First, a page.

Joan Gaveston was only five months old when her father was killed at Blacklow Hill on 19 June 1312. As Piers had been a tenant-in-chief - i.e. he held land directly of the king - Edward II as the king became her legal guardian, as per the rules of the time.  Edward sent her to live at Amesbury Priory in Wiltshire with her cousin Eleanor de Bohun, future countess of Ormond, daughter of Edward's sister Elizabeth and the earl of Hereford (one of the men present at Piers Gaveston's execution, in fact).  The king provided generously for the girls' upkeep. They had relatives at the priory, which had become fashionable among royal ladies since the dowager queen Eleanor of Provence retired there in the 1280s: Edward II's sister Mary was a nun there, as were Joan Gaveston's aunt Joan de Monthermer (her mother's half-sister, one of Joan of Acre's five daughters) and Henry of Lancaster's daughter Isabella. Other royal and noble ladies appear to have lived at Amesbury temporarily on occasion: Joan Gaveston's aunt Elizabeth de Clare stayed there for a year or so after her marriage before she went to Ireland to join her husband, and again when she was pregnant with her second child Isabella de Verdon. So Joan likely had plenty of her relatives about and didn't lack for company.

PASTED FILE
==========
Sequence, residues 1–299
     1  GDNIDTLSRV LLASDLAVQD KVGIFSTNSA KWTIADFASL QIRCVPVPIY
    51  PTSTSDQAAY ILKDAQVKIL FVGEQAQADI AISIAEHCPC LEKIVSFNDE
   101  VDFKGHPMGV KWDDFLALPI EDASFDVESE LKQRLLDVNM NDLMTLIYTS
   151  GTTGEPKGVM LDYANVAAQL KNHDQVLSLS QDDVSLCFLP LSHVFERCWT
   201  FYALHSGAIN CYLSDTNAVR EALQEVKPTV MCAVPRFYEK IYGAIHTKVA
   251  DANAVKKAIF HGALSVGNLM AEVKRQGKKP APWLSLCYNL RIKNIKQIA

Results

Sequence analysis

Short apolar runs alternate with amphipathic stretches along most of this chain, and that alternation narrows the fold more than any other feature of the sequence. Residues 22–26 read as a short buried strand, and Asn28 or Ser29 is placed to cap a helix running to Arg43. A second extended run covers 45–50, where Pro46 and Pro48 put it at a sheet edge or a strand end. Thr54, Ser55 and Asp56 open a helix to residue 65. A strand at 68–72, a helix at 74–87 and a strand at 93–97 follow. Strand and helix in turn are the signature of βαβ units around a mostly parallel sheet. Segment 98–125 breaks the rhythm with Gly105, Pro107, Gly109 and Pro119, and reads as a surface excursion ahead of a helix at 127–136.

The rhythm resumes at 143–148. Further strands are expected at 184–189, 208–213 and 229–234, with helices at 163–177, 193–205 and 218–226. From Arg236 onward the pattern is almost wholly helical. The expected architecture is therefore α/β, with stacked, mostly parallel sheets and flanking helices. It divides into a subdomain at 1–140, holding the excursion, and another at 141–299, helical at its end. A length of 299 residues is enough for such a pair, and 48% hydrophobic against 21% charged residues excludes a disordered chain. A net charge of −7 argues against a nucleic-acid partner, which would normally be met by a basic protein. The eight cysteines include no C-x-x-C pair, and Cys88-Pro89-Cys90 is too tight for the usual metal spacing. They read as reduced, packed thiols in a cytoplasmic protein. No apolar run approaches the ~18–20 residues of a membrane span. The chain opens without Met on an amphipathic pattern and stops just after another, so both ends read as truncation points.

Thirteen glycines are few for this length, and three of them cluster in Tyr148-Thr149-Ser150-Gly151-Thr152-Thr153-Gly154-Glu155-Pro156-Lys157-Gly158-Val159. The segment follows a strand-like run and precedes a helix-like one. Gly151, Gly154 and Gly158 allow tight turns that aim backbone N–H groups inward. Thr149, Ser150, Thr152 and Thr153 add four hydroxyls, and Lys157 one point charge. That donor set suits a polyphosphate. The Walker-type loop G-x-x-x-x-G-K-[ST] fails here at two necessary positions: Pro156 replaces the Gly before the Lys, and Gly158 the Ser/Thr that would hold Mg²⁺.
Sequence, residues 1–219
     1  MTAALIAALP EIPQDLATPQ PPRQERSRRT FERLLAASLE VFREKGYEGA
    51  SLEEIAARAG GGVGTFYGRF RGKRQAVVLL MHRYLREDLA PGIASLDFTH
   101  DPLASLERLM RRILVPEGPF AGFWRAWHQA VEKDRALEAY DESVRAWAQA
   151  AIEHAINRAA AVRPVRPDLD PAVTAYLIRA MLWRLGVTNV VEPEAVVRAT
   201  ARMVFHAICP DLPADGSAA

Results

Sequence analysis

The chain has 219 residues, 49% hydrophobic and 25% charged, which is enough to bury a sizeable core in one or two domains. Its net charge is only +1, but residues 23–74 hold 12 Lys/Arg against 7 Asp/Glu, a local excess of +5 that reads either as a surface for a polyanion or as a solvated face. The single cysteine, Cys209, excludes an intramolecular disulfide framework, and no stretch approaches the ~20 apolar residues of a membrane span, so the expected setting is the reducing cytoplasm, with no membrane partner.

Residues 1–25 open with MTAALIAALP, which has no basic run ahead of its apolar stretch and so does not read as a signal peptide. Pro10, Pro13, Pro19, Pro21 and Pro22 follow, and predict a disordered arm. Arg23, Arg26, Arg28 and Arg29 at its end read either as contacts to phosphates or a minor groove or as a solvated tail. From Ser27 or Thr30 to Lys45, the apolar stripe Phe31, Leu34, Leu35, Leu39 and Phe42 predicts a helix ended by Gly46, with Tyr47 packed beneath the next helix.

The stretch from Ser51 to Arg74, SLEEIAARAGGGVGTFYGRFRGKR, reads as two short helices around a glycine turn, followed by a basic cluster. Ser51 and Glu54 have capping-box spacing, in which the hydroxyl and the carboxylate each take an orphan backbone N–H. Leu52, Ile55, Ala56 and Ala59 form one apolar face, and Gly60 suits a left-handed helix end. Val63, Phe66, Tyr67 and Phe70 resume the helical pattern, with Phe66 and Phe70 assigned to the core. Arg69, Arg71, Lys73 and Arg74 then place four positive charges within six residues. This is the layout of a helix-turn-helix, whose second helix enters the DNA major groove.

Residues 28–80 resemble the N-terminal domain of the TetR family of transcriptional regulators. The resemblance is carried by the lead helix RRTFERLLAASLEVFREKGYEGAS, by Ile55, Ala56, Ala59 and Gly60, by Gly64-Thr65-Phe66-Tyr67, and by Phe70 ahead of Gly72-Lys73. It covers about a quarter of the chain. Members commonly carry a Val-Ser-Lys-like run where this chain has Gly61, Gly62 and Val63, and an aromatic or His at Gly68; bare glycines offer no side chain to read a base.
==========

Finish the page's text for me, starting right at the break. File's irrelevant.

Joan was two years old when her uncle Gilbert de Clare, earl of Gloucester was killed at the battle of Bannockburn in June 1314. As the only child of one of Gilbert's three sisters and co-heirs, she became an enticing marriage prospect. In 1316, Edward offered her to his ward Thomas, future Lord Wake of Liddell, who was then eighteen or nineteen (and the brother of the future countess of Kent). However, Edward discovered that Wake had married Henry of Lancaster's eldest daughter Blanche without his permission, and fined him a large sum, probably £1000, which he granted to "our very dear relative," Joan.   [5]  In November 1317, Wake paid 1000 marks (£666) in "part satisfaction" of the fine.  As he had no means of raising such a large sum – he was still under twenty-one and hadn't yet come into his lands – he probably had to borrow the money from his father-in-law Henry, the earl of Lancaster's brother, or Lancaster himself; a nice way for Edward to get money out of his enemy and give it to Piers Gaveston's daughter. It is somewhat odd that Wake chose Blanche of Lancaster in preference to Joan, as Blanche had a brother and thus would not inherit anything from her father or uncle, while Joan was then sole heir to a third of the vast de Clare inheritance. Perhaps Wake gambled that Margaret de Clare would marry again and have a son and that Joan Gaveston ultimately wouldn't inherit anything, and that it was more advantageous in the political climate of 1316 to be allied to the earl of Lancaster than to Edward II.  Margaret in fact had another daughter, but no son, which would have meant that the two half-sisters Joan Gaveston and Margaret Audley shared the inheritance equally as her joint heirs (primogeniture not applying to women).